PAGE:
As to the second prong, the history of the case suggests that the state court was aware of a possible ground for not adjudicating the case on the merits. The State primarily relies on the answer that it submitted to the state post-conviction court. The State argued that the new evidence presented was both untimely and substantially similar to evidence already considered on appeal, and thus did not justify revisiting the already-litigated issue. This reasoning could support a merits decision: it urges that the logic behind the merits decision on appeal retained its force because nothing of consequence had been added in the post-conviction case. Indeed, the answer explicitly asserted that the claim was " meritless." On the other hand, though it never cited Article 930.4(A), the State's argument could also provide grounds supporting a non-merits decision based on that Article. It is worth noting that a distinction may be drawn between the state court being " aware of any ground for" a non-merits decision and the court being aware simply of the argument that such a ground exists. Putting aside that distinction, however, it does appear that the court was aware of a ground that might have supported a non-merits decision under Article 930.4(A).
As to the third prong, we find ourselves constrained to follow the logic adopted in Woodfox's earlier appeal. We inquire whether the state post-conviction court's opinion suggests reliance upon procedural grounds rather than a determination of the merits. In its " Judgment," the court stated that the record along with the State's answer indicated that " the allegations are without merit." In its " Written Reasons," the court stated that it had considered " the application, the answer, and all relevant documents" before concluding that Woodfox failed to meet his burden. The court then stated that " moreover" it was adopting the State's answer. As we noted in Woodfox's earlier appeal and note again now, " moreover" means " [i]n addition thereto, also, furthermore, likewise, beyond this, beside this,"  or " in addition to what has been said."  Resultantly, the state post-conviction court reviewed the record in its entirety and found no merit as to any of Woodfox's claims. In addition to this conclusion, the court also adopted the State's answer which, as discussed above, could support either a merits or non-merits decision.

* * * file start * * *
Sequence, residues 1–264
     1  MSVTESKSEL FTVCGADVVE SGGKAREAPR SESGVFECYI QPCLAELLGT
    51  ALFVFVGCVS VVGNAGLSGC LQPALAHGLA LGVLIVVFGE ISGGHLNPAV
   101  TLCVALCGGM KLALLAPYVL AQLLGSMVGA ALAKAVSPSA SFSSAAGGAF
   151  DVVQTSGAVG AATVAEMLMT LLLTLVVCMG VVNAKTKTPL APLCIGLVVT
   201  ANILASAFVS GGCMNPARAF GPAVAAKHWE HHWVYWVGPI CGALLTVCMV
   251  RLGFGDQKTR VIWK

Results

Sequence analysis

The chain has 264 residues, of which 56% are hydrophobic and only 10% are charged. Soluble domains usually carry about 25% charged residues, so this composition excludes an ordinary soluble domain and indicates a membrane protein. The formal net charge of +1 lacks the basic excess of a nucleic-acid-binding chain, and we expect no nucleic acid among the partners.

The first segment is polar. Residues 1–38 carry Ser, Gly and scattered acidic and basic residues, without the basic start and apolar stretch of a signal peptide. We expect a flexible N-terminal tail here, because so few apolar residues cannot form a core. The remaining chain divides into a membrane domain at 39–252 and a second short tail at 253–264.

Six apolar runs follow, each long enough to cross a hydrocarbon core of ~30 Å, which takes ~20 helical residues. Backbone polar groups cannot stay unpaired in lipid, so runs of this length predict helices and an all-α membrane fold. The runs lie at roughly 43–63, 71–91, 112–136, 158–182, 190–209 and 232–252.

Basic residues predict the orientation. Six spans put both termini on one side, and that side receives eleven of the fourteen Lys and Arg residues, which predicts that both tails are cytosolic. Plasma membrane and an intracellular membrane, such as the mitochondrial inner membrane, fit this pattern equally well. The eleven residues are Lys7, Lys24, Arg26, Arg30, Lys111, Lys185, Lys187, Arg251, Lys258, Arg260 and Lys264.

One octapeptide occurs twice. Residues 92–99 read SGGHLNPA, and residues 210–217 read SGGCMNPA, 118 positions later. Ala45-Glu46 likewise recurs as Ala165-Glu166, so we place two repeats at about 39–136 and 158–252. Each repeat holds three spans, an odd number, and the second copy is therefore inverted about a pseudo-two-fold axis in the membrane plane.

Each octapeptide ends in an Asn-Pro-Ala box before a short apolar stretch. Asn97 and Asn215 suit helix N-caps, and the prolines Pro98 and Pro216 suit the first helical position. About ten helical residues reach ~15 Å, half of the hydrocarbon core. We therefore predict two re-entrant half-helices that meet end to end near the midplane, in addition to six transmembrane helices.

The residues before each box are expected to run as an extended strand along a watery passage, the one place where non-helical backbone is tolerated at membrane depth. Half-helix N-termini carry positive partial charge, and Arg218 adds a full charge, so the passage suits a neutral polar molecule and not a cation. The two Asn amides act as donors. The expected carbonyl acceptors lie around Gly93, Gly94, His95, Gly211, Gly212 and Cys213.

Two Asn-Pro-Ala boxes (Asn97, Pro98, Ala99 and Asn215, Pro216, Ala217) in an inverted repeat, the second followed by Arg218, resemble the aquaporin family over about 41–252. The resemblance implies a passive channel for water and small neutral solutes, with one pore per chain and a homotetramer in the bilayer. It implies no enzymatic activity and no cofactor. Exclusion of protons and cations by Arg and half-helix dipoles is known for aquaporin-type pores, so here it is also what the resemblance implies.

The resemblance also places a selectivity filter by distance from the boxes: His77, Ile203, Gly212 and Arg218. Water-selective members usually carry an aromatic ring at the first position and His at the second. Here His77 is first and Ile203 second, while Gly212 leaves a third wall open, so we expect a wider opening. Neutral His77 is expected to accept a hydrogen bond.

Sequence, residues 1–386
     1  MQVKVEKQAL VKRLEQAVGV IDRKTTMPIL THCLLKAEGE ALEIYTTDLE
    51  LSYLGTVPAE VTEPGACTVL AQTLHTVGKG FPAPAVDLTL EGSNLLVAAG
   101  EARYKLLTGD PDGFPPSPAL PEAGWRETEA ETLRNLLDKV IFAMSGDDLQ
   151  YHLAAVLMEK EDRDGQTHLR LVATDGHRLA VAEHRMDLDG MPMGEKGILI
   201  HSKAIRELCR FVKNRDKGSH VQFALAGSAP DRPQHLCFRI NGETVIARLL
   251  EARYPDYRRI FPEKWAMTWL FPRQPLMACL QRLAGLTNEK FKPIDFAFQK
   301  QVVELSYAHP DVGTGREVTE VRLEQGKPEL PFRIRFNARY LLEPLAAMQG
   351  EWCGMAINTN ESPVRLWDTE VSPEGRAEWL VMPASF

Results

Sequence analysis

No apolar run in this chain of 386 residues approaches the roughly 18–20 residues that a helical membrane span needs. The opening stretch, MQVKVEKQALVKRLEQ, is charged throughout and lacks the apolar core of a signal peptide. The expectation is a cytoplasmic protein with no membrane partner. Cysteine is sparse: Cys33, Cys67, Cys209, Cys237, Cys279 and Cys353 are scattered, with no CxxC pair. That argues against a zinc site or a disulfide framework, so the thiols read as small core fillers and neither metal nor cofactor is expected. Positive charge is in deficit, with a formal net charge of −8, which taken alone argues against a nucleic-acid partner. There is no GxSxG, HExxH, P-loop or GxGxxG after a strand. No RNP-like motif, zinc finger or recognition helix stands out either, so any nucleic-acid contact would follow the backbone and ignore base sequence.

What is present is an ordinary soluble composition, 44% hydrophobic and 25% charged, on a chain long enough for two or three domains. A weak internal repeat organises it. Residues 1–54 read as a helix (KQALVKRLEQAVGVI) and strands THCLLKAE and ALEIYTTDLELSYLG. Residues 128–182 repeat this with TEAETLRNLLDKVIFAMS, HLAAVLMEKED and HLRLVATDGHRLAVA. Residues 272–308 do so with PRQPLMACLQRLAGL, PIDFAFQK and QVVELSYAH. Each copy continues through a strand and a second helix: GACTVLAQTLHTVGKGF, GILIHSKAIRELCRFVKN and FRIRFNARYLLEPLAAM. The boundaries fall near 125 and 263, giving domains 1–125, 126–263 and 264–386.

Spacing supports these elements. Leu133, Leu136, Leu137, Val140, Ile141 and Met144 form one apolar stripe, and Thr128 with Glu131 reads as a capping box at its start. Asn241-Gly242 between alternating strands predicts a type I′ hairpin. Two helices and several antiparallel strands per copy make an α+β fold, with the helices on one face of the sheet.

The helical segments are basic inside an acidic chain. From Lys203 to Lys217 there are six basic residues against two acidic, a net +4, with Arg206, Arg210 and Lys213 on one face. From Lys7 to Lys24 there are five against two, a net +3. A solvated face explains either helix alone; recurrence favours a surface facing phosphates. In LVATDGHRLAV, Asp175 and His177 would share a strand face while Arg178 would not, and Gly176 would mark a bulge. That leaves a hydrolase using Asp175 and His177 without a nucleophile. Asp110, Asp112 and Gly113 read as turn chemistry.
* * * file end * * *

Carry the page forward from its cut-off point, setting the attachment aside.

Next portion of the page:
We cannot simply assume that there was an implicit application of the Article 930.4(A) bar. To do so would fly directly in the face of the presumption of merits adjudication the Supreme Court has clearly announced. In this case, the factors on balance point to the conclusion that the state post-conviction court adjudicated the grand jury foreperson discrimination claim on the merits. Therefore, the district court erred in examining afresh the Louisiana First Circuit ruling. We now turn to examine the state post-conviction decision, according the deference required by AEDPA.